A joint simulation project between Napa, Norsepower, and Sumitomo Heavy Industries Marine & Engineering (SHI-ME) has validated the emissions reduction potential of combining wind propulsion with voyage optimisation.
The results so far from the first phase of the project confirm that the technologies can deliver up to 28% emissions reductions on average. Phase two of the project aims to enhance performance modelling and strengthen the role of operational data in the ship design process to build smarter and greener vessels.
Napa believes that industry collaboration enables change to be navigated with confidence, gaining the insight and clarity needed to make smarter and more informed commercial, design and operational decisions at every step.
Such collaborative spirit was the foundation of Napa’s joint study with Norsepower and SHI-ME. From the outset, the aim was to bring diverse expertise together to answer a crucial question: what emissions reductions could be achieved by combining wind propulsion and voyage optimisation? Phase two turns attention to an equally important matter: how could these results become better still in the future?
Phase one ran from December 2022 to March 2023, to evaluate the fuel saving and emissions reduction potential of combining a Norsepower Rotor Sail with Napa voyage optimisation on a SHI-ME tanker. Using weather data from 2022 together with specifications provided by Norsepower and SHI-ME, the digital twins developed by Napa were able to simulate the performance of the tanker along six routes typically sailed by the vessel. The study found an average CO2 reduction of 19% when using Napa voyage optimisation alongside Norsepower Rotor Sails, with voyage optimisation contributing 10% of these emissions reductions.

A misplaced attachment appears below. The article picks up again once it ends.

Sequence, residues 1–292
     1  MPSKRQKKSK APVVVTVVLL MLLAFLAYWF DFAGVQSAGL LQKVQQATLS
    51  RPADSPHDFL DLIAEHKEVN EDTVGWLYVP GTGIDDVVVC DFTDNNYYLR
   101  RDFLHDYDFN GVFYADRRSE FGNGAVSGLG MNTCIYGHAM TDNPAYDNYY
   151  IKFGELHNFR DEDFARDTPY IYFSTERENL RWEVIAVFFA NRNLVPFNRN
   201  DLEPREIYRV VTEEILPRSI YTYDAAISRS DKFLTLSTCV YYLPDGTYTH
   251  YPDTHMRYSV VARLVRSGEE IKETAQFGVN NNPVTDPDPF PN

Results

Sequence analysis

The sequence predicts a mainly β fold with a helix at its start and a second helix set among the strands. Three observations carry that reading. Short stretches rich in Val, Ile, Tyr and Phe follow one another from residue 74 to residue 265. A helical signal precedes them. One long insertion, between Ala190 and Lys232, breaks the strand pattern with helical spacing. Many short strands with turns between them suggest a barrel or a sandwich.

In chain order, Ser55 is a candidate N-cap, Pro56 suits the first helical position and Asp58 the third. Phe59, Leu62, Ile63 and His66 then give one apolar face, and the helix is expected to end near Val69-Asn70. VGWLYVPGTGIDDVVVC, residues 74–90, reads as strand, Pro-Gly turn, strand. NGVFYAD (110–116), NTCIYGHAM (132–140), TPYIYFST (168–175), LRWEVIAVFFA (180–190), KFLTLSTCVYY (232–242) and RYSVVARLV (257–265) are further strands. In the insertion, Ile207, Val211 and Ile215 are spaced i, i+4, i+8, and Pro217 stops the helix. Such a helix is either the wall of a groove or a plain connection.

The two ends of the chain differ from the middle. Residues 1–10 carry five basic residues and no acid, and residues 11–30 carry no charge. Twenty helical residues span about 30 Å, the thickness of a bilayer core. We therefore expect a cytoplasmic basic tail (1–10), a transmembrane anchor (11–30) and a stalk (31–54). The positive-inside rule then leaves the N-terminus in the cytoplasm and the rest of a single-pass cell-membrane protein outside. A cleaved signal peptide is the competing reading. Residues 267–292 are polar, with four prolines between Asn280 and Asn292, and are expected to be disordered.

The highest reduction was recorded for the Atlantic route between New York and Amsterdam, where the combination of four Norsepower Rotor Sails and voyage optimisation could deliver average emissions reductions of 28%. For the route between Singapore and Angola, the combination of wind power and weather routing reduced emissions by 18%, with voyage optimisation contributing 5%.
Phase two will use insights from the simulation, to explore how to predict vessel performance at the design stage, testing how the ship could handle varying sea and weather conditions. Phase one analysis showed that significant route changes are required to encounter the most favourable wind conditions, and this is where phase two of the project is taking the collaboration further. In the second phase, the project will explore how to enhance the performance of vessels designed with rotor sails even further by developing data for a wider range of vessel responses and weather conditions, for example by conducting a more advanced analysis of lateral forces and movement of the hull and developing new optimisation strategies using ‘dynamic’ conditions such as wind, waves and currents to evaluate the vessel’s expected performance in real-life conditions.